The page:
What Natasha’s Law means for food allergen labelling

Geoff Ogle

The new regulations will help shoppers make much more informed choices about the pre-packed food they buy – and could even save lives, says Geoff Ogle, Chief Executive of Food Standards Scotland.

Starting today (1 October 2021), British shoppers can expect to see far more detailed ingredient information carried on all the pre-packed food they buy – be that sandwiches from their high-street delis, fresh pizzas from major supermarkets, even small packets of specialist sweets from family-owned local shops.

The most common reason for food recalls now is because of issues around allergens.

Every food and drink business will be required to list every single ingredient used in what the industry calls ‘pre-packed for direct sale’ (PPDS) items, but most importantly, they will also have to clearly highlight any one of 14 core allergenic ingredients they might contain, such as molluscs, gluten, fish and sesame.

PPDS technically covers any food item that’s packaged, so that the contents cannot be altered before being sold to the customer.

Sesame, of course, was at the centre of one of the UK’s highest profile cases of tragic allergic reaction in recent years, when in 2016, 15-year-old Natasha Ednan-Laperouse died after unknowingly eating a baguette which had been made with sesame seeds.

Her devastated family – and others affected by what’s considered by many experts to be a growing national epidemic of intolerances and allergic food reaction – spent the next three years tirelessly campaigning for better laws to protect allergen suffers from serious or life-threatening reactions to food or drink, to ensure we can all avoid such tragedies ever happening again.

‘Natasha’s Law’ now requires all British food businesses to have complete lists of ingredients printed on all PPDS food product labels, before they are offered directly to the public, even from market stalls, food trucks, or ice-cream vans.

Food Standards Scotland has always been fully committed to better clarity on food labels, because informed consumers can make better, more informed decisions that help consumers protect themselves.

The new law’s introduction is a massive step ahead for transparency for consumers of the UK’s food labelling requirements.

It makes it quicker, easier and clearer for around 200,000 food allergy sufferers in Scotland to make safer choices when buying their food.

Latest figures suggest there were 567 Scottish hospitalisations due to anaphylaxis in 2020.

Ingredients label

If this new law can save just one illness or tragic loss of life from allergic reaction to something in food, it’s legislation well founded.

Of course, we also appreciate this more complete food signposting now required is a step change, and a potentially complicated one, for many Scottish food and drink producers.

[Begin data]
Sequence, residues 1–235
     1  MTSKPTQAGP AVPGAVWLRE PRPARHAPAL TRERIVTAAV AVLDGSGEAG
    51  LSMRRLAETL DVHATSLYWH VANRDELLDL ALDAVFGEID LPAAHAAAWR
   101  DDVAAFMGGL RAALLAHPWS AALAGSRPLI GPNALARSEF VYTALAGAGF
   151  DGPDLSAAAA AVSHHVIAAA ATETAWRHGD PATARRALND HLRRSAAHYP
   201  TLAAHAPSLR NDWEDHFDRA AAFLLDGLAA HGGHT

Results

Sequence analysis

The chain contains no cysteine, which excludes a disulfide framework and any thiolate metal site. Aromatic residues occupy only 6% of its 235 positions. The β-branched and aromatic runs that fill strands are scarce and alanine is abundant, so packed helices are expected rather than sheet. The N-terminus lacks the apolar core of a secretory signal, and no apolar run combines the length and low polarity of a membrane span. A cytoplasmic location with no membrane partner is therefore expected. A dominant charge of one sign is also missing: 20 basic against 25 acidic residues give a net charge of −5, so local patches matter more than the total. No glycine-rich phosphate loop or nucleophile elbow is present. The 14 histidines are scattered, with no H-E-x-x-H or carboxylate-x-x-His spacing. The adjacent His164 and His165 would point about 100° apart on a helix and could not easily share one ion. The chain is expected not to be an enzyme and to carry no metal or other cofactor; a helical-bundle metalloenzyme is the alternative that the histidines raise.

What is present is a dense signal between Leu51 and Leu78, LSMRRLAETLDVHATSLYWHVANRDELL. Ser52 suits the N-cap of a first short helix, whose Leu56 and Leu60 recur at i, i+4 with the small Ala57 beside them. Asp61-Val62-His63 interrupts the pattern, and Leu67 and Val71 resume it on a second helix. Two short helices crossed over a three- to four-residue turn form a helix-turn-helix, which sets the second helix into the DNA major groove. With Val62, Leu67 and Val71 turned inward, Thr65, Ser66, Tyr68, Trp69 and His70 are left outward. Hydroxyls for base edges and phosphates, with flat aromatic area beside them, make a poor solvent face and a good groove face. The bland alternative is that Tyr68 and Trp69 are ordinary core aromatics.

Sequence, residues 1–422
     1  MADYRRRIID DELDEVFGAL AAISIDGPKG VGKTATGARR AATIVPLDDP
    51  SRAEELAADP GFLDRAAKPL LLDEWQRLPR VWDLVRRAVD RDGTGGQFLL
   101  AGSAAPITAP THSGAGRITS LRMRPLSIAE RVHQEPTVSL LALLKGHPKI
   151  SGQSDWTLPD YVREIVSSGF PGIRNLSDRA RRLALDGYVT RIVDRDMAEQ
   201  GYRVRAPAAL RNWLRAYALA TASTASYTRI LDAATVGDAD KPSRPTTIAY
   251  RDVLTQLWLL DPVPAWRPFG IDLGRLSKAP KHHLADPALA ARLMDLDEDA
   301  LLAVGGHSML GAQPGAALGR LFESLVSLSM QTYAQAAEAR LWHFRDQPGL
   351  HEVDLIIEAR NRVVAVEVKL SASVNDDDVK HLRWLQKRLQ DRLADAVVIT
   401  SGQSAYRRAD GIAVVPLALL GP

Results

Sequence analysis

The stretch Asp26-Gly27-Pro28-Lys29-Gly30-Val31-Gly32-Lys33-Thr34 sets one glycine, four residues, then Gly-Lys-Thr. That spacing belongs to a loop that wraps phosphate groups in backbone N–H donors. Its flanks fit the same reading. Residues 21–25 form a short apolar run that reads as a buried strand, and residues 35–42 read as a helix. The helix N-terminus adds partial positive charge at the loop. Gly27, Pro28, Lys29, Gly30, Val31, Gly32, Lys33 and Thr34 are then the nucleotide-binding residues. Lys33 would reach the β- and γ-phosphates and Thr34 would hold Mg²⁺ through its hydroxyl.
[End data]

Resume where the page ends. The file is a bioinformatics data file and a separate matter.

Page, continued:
Our figures show 11,230 Scottish businesses – the vast majority small to medium companies, but also 265 larger firms – could be directly affected by the legislation and so could face having to foot potential costs of extra facilities or staff to handle the process.

So FSS has for months been working with countless retailers of PPDS products to ensure they are fully supported and guided in making the necessary changes as they transition to this new era of more comprehensive food labelling.

Core to this has been an exhaustive nationwide engagement process to assess the benefits, risks and impacts of this new legislation accurately and economically.

We have developed a range of products, practical guidance and online resources, including an allergen training package for them to access, and businesses can also use the free FSS MenuCal tool.

It means, for instance, fresh sandwiches prepared and placed into packaging before lunchtime shoppers eventually buy them, or food prepared and packaged which an operator then sells at a market stall, will have to be comprehensively and clearly labelled.

At hundreds of supermarkets, everyday items such as boxed salads packed on site and placed onto a refrigerated shelf prior to sale, will also have to have their ingredients more thoroughly signposted.

Buns or cakes made by local bakers, too, packaged on the same premises before being sold to others, will now have to have their contents roll-called in full.

Essentially, this new law means the complete gamut of Scottish packaged food produce will now be better protected for millions of us, our families, our friends and loved ones, who might have food allergies.

Even one case of an allergic reaction to something hidden within our food, is one case too many.

With it now firmly in place, coupled with more awareness by everyone to what they are eating, and the financial and operational sacrifices being made to comply right now by food companies across Scotland, we are confident that ultimately Scottish lives will be saved as a result.